If you’re drafting a rookie receiver in Round 8, make sure he’s going to be a starter. Treadwell is still behind Charles Johnson on the depth chart heading into the third preseason game. That could change but what won’t change is Treadwell is a rookie receiver playing on a defensive, run-first team. Treadwell will help the Vikings offense this year. This is a situation though where Treadwell will be more valuable in the real world than he will in fantasy football. Expect to see some two-catch, 30-yard days in Treadwell’s future. Stefon Diggs is going in the same round as Treadwell. He’s much more likely to be the Vikings top receiver this season.

Round 9

Sammie Coates, WR Steelers (ADP 107)
Coates’ ADP is just bizarre. Martavis Bryant is suspended for the year. Apparently the fantasy community has really gotten behind Coates and hyped him up. Whatever the reason, his Round 9 ADP is ridiculous. Coates is struggling so badly this preseason he’s just trying to hold off Eli Rogers to be the Steelers No. 3 receiver. So there’s a chance some people are drafting Pittsburgh’s fourth receiver just outside the Top 100 picks. You want advice on the Steelers receivers? Draft Antonio Brown. He’s going to break records this year.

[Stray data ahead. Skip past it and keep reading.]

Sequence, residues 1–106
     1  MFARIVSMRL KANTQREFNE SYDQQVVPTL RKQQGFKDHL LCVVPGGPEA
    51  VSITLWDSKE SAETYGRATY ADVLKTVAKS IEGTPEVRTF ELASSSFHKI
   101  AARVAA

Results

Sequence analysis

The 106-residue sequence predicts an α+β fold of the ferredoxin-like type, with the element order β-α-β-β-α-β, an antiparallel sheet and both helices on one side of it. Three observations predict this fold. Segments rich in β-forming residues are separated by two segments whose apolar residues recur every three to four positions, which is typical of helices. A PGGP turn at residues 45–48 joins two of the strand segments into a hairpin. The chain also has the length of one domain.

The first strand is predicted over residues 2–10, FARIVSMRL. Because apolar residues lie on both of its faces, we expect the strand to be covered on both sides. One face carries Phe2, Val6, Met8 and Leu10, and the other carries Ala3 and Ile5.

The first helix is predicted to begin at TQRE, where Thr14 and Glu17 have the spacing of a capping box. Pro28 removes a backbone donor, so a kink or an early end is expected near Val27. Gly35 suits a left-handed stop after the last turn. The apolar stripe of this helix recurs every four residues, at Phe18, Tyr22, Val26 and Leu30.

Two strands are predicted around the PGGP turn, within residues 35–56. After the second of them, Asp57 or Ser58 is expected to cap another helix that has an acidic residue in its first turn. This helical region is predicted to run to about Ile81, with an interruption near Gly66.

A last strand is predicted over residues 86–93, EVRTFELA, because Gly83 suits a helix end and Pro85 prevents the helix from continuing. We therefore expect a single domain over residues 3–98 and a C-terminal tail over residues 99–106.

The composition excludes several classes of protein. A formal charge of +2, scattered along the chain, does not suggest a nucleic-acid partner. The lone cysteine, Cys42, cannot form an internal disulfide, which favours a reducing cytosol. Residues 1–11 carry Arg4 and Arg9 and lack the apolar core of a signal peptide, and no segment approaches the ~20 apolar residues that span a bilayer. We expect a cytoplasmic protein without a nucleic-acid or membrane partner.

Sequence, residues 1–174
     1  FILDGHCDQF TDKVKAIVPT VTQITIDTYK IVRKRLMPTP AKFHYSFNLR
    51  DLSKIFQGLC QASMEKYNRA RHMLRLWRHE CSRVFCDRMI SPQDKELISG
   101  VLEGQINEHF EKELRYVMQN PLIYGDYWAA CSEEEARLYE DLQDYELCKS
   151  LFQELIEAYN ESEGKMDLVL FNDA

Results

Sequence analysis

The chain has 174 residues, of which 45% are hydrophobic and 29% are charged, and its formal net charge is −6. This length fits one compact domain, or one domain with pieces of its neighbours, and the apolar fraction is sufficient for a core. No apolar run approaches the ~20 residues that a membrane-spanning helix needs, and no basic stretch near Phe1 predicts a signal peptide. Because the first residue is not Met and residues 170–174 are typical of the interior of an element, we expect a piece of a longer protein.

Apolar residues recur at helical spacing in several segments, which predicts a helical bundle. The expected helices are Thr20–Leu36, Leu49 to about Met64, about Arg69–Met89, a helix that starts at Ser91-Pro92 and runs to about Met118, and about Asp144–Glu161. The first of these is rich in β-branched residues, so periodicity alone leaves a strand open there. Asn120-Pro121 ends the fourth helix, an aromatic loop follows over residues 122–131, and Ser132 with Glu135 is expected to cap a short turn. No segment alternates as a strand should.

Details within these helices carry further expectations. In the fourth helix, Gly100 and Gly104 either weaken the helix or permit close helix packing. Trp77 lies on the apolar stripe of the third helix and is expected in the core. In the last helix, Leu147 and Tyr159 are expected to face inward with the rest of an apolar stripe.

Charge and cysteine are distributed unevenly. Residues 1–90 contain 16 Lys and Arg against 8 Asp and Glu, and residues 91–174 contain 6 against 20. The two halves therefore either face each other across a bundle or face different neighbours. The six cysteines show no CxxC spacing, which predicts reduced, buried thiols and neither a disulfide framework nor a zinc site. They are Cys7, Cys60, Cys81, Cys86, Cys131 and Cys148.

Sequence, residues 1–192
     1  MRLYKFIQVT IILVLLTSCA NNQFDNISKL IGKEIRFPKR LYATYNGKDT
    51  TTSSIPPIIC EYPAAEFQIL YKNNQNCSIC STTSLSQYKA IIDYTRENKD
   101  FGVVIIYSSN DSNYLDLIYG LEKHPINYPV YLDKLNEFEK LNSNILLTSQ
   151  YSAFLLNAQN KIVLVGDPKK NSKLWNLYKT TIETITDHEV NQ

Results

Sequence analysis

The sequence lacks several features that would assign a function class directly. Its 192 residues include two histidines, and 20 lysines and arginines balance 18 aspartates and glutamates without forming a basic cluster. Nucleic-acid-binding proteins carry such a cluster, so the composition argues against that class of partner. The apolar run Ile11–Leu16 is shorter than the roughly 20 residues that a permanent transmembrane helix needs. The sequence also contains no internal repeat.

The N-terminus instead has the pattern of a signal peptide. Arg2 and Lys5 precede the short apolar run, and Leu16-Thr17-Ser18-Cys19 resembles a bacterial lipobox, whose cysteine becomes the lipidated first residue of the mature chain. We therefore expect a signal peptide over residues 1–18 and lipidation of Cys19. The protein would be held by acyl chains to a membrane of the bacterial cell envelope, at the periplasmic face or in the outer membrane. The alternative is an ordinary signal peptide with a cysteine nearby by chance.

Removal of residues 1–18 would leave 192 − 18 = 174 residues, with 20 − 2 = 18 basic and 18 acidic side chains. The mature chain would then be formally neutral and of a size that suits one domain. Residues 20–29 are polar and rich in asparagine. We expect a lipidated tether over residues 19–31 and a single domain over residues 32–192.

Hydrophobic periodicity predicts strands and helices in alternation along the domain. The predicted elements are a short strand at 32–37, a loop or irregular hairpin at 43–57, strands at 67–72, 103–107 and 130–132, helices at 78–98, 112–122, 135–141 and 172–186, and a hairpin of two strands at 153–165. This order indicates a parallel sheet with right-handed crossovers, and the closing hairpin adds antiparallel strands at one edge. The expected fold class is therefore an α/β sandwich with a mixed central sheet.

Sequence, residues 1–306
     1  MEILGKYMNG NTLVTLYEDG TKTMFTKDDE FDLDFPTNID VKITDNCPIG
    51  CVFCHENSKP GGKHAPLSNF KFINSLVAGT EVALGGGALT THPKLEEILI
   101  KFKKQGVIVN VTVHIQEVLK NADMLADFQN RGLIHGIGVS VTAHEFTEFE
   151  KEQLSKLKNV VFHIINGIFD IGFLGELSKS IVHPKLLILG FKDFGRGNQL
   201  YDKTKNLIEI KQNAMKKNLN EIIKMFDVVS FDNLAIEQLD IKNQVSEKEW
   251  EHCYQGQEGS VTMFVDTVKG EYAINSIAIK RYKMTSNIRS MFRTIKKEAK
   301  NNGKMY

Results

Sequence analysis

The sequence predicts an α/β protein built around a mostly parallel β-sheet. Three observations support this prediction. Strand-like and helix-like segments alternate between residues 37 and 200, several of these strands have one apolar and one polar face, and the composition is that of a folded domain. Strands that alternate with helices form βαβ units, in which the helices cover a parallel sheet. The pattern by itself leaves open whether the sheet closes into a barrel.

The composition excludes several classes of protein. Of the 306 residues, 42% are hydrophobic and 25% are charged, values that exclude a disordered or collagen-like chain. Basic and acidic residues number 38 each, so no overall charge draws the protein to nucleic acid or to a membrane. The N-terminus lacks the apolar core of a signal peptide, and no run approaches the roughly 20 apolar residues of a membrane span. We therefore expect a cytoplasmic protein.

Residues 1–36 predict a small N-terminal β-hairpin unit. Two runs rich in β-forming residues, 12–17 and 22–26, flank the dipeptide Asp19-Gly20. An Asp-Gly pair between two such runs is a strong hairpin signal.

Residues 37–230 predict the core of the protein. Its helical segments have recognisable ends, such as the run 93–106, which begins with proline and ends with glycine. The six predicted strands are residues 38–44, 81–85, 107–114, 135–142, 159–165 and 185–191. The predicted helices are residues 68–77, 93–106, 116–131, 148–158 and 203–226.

Round 10

Ladarius Green, TE Chargers (ADP 116)
Normally the 10th round would be a good spot to nab Green. As mentioned above the Steelers are hurting at receiver and with Heath Miller retiring, Green has a chance to finally live up to his potential. However, recent reports saying he’s on PUP because of headaches and his future is uncertain are a red flag for fantasy owners. Green denies the reports and insists he’s on PUP because of an ankle injury. Either way, Green hasn’t practice and there’s just too much doubt about his status for the upcoming season. Owners can still get Kirk Cousins, Marcus Mariota, Travis Benjamin, Tavon Austin and Kamar Aiken in the 10th round. It’s too early to roll the dice on Green.

Round 11

Josh Doctson, WR Redskins (ADP 132)
Doctson may start the year on reserve/PUP, yet he’s being drafted ahead of fellow rookies Tyler Boyd and Malcolm Mitchell. Boyd has been tearing it up for the Bengals and he’s going into a situation where he could start early in the season. Mitchell may start in Week 1 if he’s healthy. Doctson will be the Redskins fourth receiver at best to open the year. There’s a chance Doctson will still make a fantasy impact in 2016 but it won’t come right away. He’s more of a future waiver wire pick up than a selection in the 11th round. Tyrod Taylor, Matthew Stafford, Devin Funchess and Theo Riddick are all better picks than Doctson in Round 11.

Round 12

C.J. Prosise, RB Seahawks (ADP 140)
There aren’t many reaches in Round 12 but Prosise’s early summer buzz still has him being overvalued. Prosise has missed much of training camp with a hamstring injury. Pete Carroll stated that Prosise was behind because of the injury. As mentioned above, Rawls and Michael are locked in as Seattle’s top two running backs. The best case scenario now for Prosise is he carves out a Robert Turbin/Fred Jackson-like role at some point in the Seahawks backfield. How much fantasy value did those two have in Seattle? Owners are better off using a late-round selection on Boyd, Mitchell, Phillip Dorsett, Matt Ryan, Tony Romo, Bilal Powell or Jerick McKinnon.